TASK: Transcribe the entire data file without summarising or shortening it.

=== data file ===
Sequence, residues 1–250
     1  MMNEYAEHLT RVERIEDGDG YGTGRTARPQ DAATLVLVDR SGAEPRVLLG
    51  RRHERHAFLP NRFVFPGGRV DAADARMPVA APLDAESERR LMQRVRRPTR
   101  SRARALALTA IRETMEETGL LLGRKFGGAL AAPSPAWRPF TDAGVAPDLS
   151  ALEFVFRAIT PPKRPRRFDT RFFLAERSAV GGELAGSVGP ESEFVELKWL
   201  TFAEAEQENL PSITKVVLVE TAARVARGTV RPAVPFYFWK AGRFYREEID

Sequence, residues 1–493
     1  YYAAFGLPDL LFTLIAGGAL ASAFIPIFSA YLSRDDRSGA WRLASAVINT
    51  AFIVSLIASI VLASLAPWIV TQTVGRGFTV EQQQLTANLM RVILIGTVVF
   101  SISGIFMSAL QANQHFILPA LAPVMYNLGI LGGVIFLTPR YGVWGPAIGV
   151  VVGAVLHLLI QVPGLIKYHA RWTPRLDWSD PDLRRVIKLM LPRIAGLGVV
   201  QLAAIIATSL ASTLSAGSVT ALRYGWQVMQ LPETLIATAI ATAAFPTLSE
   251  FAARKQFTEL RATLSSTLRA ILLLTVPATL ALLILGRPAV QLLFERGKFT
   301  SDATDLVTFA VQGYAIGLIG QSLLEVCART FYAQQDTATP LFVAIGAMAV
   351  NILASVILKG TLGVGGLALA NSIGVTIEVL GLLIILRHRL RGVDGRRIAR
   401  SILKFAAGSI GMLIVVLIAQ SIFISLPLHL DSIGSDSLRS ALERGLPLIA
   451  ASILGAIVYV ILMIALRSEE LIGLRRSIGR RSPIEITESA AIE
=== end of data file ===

Sequence, residues 1–250
     1  MMNEYAEHLT RVERIEDGDG YGTGRTARPQ DAATLVLVDR SGAEPRVLLG
    51  RRHERHAFLP NRFVFPGGRV DAADARMPVA APLDAESERR LMQRVRRPTR
   101  SRARALALTA IRETMEETGL LLGRKFGGAL AAPSPAWRPF TDAGVAPDLS
   151  ALEFVFRAIT PPKRPRRFDT RFFLAERSAV GGELAGSVGP ESEFVELKWL
   201  TFAEAEQENL PSITKVVLVE TAARVARGTV RPAVPFYFWK AGRFYREEID

Sequence, residues 1–493
     1  YYAAFGLPDL LFTLIAGGAL ASAFIPIFSA YLSRDDRSGA WRLASAVINT
    51  AFIVSLIASI VLASLAPWIV TQTVGRGFTV EQQQLTANLM RVILIGTVVF
   101  SISGIFMSAL QANQHFILPA LAPVMYNLGI LGGVIFLTPR YGVWGPAIGV
   151  VVGAVLHLLI QVPGLIKYHA RWTPRLDWSD PDLRRVIKLM LPRIAGLGVV
   201  QLAAIIATSL ASTLSAGSVT ALRYGWQVMQ LPETLIATAI ATAAFPTLSE
   251  FAARKQFTEL RATLSSTLRA ILLLTVPATL ALLILGRPAV QLLFERGKFT
   301  SDATDLVTFA VQGYAIGLIG QSLLEVCART FYAQQDTATP LFVAIGAMAV
   351  NILASVILKG TLGVGGLALA NSIGVTIEVL GLLIILRHRL RGVDGRRIAR
   401  SILKFAAGSI GMLIVVLIAQ SIFISLPLHL DSIGSDSLRS ALERGLPLIA
   451  ASILGAIVYV ILMIALRSEE LIGLRRSIGR RSPIEITESA AIE